Olympic Engine Selection Evokes Thoughts of

Wednesday, November 08, 2000
When Olympic Tug & Barge was founded in 1987, owner Harley Franco had environmental responsibility on his mind. Early major oil tanker disasters southeast of Nantucket, Mass., near Galveston, Texas, and off the coasts of England and Mexico were influencing the future of the oil transportation industry. So Franco committed himself to growing his business by assembling a "fleet of the future" built around the most environmentally friendly technology he could afford. Today, parent company Harley Marine Services oversees a combined fleet of more than 40 vessels.

Olympic Tug & Barge began as a vessel bunkering operation, leasing a tugboat and barge to transport the bunker barges from ship to ship. "It was difficult for a start-up company in such a capital-intensive business to afford the best technology. There was a lot of World War II tonnage out there," says Franco. "But one of the things we did was get a full-time safety and compliance officer to continually inspect, audit and enforce. For a small business, that was a big commitment." Then, in 1989, the single-hull supertanker Exxon Valdez struck a reef in Alaska's Prince William Sound, spilling 11 million gallons of oil. The huge slick eventually spread over 10,000 square miles of Alaska's coastal seas and as far as 600 miles from the reef.

"Exxon Valdez was a shocker and eye-opener, particularly being so close to our base in Seattle," Franco recalls. "It made everybody in our industry jump on the bandwagon to prevent spills resulting from groundings or collisions. But back then, a double-hull ship was a concept that most everyone thought was too expensive and not practical."

By 1992, Olympic Tug & Barge expanded its fleet to three barges and four tugs operating in the Puget Sound. In 1994, further growth came with new oil operations on the Columbia and Willamette Rivers in Oregon, and dry bulk transportation and deck barge services a year later.

In the aftermath of the major oil disasters, the emerging use of tanker escort services in restricted waters sparked the development of agile, maneuverable tractor tugs that offer greater bollard pull than traditional pusher tugs. Franco saw this opportunity and moved into the ship assist business in 1998 by purchasing Pacific Coast Maritime. As a result, Olympic Tug & Barge acquired its first tractor tug, the Gyrfalcon. It also attained its first double-hull barge. In April of this year, the company took delivery of the new 105-ft. (32 m) tractor tug Millennium Falcon, and in September launched the Millennium Star. The tugs were built by MARCO Shipyard in Seattle. Each tug is powered by twin, electronically-controlled Caterpillar 3516B diesels delivering 4,400 bhp @ 1,600 rpm, supplied by N C Power Systems Co. in Seattle and financed by Caterpillar Financial Services Corporation through their marine division. The engines turn Ulstein stern Z-drives with 94.5-in. propellers inside Ulstein high-performance nozzles. Franco says he selected electronically controlled engines because they produce more power compared to mechanically controlled engines of the same number of cylinders, size and weight. An electronic control module (ECM) replaces the traditional mechanical governor with precise, infinitely variable electronic control of injection timing. Fuel consumption and exhaust emissions are reduced at all levels of loading.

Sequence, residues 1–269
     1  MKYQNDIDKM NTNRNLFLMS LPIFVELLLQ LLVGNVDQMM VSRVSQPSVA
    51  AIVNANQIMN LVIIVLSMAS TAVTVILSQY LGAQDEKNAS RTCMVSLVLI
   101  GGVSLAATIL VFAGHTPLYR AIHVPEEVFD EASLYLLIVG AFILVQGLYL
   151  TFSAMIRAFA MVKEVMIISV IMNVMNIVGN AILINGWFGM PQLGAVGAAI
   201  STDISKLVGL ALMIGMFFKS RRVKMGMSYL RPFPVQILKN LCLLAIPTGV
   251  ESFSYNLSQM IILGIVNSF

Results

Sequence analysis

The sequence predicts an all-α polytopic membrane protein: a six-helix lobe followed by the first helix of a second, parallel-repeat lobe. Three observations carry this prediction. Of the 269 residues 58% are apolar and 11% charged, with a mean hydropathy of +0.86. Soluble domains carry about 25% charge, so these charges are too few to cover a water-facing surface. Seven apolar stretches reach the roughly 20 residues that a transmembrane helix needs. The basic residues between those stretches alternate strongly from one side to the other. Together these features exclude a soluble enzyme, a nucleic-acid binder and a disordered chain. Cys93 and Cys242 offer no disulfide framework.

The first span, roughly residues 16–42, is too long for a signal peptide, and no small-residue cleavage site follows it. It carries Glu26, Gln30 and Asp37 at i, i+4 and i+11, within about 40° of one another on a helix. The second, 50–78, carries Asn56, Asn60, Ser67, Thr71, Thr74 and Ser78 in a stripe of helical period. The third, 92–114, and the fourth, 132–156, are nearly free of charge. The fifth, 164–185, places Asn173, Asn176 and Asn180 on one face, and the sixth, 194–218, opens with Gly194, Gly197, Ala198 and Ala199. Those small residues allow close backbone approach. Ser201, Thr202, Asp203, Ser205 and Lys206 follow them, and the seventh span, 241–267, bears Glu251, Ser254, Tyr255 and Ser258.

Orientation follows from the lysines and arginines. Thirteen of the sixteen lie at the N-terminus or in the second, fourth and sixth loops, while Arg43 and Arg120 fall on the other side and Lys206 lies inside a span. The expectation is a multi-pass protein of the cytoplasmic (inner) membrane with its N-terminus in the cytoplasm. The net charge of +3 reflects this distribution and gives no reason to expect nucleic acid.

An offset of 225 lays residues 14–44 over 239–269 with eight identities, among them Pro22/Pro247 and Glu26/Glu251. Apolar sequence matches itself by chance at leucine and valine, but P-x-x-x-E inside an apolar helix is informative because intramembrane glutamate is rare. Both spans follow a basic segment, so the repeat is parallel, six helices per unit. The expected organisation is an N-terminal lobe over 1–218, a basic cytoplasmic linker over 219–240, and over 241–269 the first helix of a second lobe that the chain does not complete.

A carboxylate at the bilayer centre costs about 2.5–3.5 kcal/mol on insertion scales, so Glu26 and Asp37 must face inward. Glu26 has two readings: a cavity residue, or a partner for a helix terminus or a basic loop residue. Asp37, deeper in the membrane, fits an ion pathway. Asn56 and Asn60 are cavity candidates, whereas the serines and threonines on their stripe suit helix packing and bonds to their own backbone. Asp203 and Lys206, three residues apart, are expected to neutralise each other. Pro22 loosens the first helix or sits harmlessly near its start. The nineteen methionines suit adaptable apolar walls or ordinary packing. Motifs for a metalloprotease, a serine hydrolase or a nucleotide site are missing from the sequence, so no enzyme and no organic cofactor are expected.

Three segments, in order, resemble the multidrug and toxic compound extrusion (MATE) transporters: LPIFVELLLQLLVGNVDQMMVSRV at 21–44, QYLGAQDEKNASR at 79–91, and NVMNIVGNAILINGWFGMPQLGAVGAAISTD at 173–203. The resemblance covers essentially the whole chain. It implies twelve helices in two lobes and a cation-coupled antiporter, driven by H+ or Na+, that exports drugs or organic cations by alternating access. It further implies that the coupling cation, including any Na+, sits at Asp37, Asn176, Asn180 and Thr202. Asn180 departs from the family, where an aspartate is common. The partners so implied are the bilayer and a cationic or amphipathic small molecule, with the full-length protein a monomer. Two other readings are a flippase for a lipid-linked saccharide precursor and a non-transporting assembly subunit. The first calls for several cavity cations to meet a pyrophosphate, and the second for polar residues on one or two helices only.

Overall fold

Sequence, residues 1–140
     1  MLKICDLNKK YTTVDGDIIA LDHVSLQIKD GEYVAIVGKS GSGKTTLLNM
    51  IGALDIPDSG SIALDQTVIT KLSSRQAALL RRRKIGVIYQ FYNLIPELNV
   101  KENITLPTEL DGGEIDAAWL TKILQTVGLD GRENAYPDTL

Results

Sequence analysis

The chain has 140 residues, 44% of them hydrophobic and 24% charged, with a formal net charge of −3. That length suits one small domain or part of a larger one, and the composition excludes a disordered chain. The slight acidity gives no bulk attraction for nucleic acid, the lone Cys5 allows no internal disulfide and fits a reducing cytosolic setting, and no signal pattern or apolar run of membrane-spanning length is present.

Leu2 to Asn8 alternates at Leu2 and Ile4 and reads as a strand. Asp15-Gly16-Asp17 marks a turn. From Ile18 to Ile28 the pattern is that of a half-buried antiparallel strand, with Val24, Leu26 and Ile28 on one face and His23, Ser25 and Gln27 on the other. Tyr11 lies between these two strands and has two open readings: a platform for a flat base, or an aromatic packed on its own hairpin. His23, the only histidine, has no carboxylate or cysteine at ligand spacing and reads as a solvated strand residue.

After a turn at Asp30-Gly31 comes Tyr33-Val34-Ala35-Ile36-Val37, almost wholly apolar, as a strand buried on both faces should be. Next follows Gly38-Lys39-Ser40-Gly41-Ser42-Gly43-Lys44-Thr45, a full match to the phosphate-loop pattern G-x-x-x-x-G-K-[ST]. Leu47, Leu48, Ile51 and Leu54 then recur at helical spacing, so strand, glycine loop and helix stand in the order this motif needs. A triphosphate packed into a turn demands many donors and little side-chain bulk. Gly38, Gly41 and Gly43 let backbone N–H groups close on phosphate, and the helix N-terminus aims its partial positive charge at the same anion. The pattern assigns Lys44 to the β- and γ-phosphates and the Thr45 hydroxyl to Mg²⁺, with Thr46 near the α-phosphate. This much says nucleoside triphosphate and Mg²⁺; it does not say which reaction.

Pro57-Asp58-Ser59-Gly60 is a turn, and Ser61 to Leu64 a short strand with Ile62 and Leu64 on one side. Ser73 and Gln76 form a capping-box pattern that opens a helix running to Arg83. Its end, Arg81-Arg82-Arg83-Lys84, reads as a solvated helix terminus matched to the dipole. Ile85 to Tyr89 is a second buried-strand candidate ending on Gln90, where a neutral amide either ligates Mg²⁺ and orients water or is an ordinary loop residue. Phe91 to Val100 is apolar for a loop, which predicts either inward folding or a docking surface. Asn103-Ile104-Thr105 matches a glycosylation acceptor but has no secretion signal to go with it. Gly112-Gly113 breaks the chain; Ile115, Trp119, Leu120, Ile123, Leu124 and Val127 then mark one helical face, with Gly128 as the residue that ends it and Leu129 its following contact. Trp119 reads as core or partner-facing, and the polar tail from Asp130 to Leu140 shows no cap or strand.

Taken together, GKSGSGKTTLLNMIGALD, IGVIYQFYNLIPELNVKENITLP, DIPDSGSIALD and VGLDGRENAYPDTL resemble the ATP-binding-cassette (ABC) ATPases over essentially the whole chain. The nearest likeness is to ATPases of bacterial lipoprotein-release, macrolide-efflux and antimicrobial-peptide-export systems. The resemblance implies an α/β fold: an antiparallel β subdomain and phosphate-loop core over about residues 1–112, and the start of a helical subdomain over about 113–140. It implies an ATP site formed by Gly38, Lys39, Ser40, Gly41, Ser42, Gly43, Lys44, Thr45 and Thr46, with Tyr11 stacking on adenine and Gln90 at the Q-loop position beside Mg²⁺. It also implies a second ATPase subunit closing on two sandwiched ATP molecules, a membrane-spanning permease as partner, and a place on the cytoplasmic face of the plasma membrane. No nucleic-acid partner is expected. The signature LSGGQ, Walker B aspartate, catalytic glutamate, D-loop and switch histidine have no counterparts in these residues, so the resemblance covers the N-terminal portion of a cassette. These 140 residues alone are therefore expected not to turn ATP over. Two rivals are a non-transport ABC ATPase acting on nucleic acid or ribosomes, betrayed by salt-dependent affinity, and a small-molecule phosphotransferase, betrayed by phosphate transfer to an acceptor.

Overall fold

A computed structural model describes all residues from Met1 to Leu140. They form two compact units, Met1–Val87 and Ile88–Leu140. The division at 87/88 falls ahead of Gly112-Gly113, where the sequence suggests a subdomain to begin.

Emissions management was a key factor when parent company Harley Marine Services moved forward with its ship assist program — particularly because it would be operating in California waters.

"That's why we selected Caterpillar engines," says Rod Gullickson, Olympic Tug & Barge vice president and general manager. "The 3516B engine met and exceeded California Air Resources Board regulations better than any of the competitors. It seemed to be the proven product in that horsepower class."

"Another reason was that we're trying to standardize," adds Gregg Nelsen, Harley Marine Services' director of maintenance and engineering. "With a uniform fleet, there's economy of scale in parts, service and training. Safety improves, too, because crews know that all the equipment works or can be maintained in a certain way. We see a lot of value in that."

After completing sea trials this fall, the Millennium Star will join its sistership Millennium Falcon at the Port of Los Angeles — the busiest port in the U.S. and third largest in the world. Also on duty is the Escort Eagle, a leased 115-ft.(35 m) tractor tug powered by Cat 3512 engines and Aquamaster 1350 drives. Harley Marine Services entered this competitive market two years ago by purchasing the assets of established Links Marine, launching Westoil Marine Services, a Long Beach bunker and petroleum transportation company with three barges. Millennium Marine was formed earlier this year to manage tug operations.

"Entering the L.A. market was a natural," Franco says. "For us, bunker and ship assist go hand-in-hand. Based on volume, we now have 70 percent of the bunkering business there, so it makes sense to push our oil barges around with what we think are the best multipurpose tractor tugs."

Although Harley Marine Services continues to expand into new markets, the original Olympic Tug & Barge business plan — to be a service-oriented company sensitive to environmental needs — continues as a key corporate mission. "We have been dedicated to investing in reliable, high-technology that helps protect the environment," Franco says. "Buying a tractor tug marked our 'arrival' in the industry, and now we're the only group on the West Coast building double-hull bunker barges. Our selection of low emission engines is another example — we'll be relying on them for the next 20 years."

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